Photo Information

U.S. Marine Lance Cpl. Christopher Kusnierz, a machine gunner from Byron, IL., with Weapons Company, Battalion Landing Team, 2nd Battalion, 7th Marine Regiment, 31st Marine Expeditionary Unit, assembles an M19 Automatic Grenade Launcher during the opening day of Exercise Talisman Sabre 2011, July 9. TS11 demonstrates the United States and Australian commitment to their military alliance, and enhances stability and security throughout the Asia-Pacific region. The 31st MEU is the only continually forward-deployed MEU, and remains the nation's force-in-readiness in the Asia-Pacific region.

Photo by Lance Cpl. Brennan O’Lowney

31st MEU wows Aussies at Talisman Saber 2011 opening day

9 Jul 2011 | Lance Cpl. Garry J. Welch

Thousands of Australian citizens poured into Rockhampton Fairgrounds July 9 during the opening day for Talisman Sabre 2011.

The event consisted of static displays along with demonstrations of weapons and equipment used by Marines and Sailors of Weapons Company, Battalion Landing Team 2nd Battalion, 7th Marines and Combat Logistics Battalion 31, 31st Marine Expeditionary Unit, as well other displays by the Australian Defence Forces.

The Marines displayed 81mm and 60mm mortar systems, an M19 automatic grenade launcher, and a Browning M2 50. caliber machine gun.

Citizens spent hours interacting with Marines and Sailors, asking about their equipment, the jobs they do, and experiences they have had on deployments.

“Today were showing the Australian civilians the weapon systems that we use showcasing the partnership that we have with the Australian military,” said Sgt. Todd J. Martin, an assistant section leader and machine gunner with Weapons Co. BLT 2/7, 31st MEU. “We are explaining everything about out weapon systems, and showing the good face of the Marine Corps for everyone here that has never met Marines before.”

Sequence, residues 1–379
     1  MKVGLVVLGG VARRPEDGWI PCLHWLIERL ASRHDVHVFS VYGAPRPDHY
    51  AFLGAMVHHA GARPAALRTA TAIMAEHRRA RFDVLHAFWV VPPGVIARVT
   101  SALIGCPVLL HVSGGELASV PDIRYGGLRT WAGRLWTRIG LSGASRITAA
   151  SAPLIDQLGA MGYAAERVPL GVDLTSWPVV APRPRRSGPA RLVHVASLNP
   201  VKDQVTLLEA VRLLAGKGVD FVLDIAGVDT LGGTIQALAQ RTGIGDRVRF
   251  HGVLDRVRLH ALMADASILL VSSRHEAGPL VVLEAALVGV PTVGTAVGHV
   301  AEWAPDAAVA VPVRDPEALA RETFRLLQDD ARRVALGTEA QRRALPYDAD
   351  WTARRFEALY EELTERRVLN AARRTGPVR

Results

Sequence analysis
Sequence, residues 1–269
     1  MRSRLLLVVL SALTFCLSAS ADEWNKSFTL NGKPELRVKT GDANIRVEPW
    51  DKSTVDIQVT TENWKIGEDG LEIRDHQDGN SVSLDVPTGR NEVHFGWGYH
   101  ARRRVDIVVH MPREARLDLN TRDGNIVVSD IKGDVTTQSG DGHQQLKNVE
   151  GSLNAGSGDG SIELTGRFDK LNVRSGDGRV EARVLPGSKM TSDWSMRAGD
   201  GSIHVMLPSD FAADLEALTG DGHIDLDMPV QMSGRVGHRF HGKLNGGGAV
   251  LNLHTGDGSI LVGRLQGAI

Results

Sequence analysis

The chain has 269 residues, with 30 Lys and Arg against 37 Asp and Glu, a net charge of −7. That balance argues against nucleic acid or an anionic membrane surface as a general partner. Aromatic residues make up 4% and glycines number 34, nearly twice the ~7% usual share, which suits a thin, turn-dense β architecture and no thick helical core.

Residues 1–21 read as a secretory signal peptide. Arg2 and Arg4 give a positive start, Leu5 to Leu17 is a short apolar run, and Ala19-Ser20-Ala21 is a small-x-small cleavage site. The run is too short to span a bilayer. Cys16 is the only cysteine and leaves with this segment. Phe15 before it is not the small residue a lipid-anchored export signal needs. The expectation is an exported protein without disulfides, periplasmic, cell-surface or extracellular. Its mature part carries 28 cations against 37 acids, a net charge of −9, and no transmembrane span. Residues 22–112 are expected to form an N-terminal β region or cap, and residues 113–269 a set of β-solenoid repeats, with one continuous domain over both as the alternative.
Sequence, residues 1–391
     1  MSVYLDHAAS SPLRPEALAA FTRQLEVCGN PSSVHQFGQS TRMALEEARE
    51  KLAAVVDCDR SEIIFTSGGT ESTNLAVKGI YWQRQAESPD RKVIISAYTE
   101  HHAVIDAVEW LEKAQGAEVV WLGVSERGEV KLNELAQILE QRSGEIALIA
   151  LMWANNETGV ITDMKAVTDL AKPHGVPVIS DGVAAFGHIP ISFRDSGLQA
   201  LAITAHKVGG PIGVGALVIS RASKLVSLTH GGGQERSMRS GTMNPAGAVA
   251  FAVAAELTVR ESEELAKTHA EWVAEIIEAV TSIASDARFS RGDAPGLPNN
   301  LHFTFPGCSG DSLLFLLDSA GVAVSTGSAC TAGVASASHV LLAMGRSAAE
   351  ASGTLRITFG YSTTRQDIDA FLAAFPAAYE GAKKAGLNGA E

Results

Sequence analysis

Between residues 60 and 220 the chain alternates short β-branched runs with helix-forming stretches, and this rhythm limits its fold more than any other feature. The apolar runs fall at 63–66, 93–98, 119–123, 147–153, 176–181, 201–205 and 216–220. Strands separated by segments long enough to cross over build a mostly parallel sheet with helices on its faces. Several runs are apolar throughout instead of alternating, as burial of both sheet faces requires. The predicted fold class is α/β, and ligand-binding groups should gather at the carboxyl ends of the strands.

The Marines took the time to answer every question asked, allowed people to try on their flak jackets and helmets, painted children’s faces with camouflage paint, and posed for hundreds of photos for the families.

In addition to interacting with civilians, the Marines also spent time talking with the Australian forces at the ceremony.

“I’m having fun talking with the Marines,” said Cpl. Ashley J. Faulks, a military policeman with the Australian Army. “I haven’t actually met any Marine MP’s before, so it’s good to see them and talk to them about what they do and how they do it. It’s always nice to see it from another point of view.”

As the day passed and the Marines got to know the Australian civilians and service members, they began to warm up with conversation and laughter.

“The Australians are all very welcoming people,” said Cpl. Samuel G. Potenti, a squad leader and mortarman with Weapons Co. “Everyone comes up and asks about the mortar systems and they are really respectful.”

It was evident at the end of the event that the U.S. Marines and Australian Defence Forces left with a feeling of mutual respect and looking forward to the coming exercise. Judging by the response of the local people, the U.S. Marine and Australian forces displays were a huge success.

“It gives me a lot of pride to be able to talk to the Australian civilians and tell them what we do and how we do it,” said Martin. “It is rewarding to know we are representing the entire Marine Corps, and if I could do this in every country we go to I would do it in a heartbeat.”

This exercise is a major undertaking which reflects the closeness of the Australian and U.S. alliance and the strength of the military-military relationship.

The 31st MEU is the only continuously forward-deployed MEU and remains the nations force in readiness in the Asia-Pacific region.


31st Marine Expeditionary Unit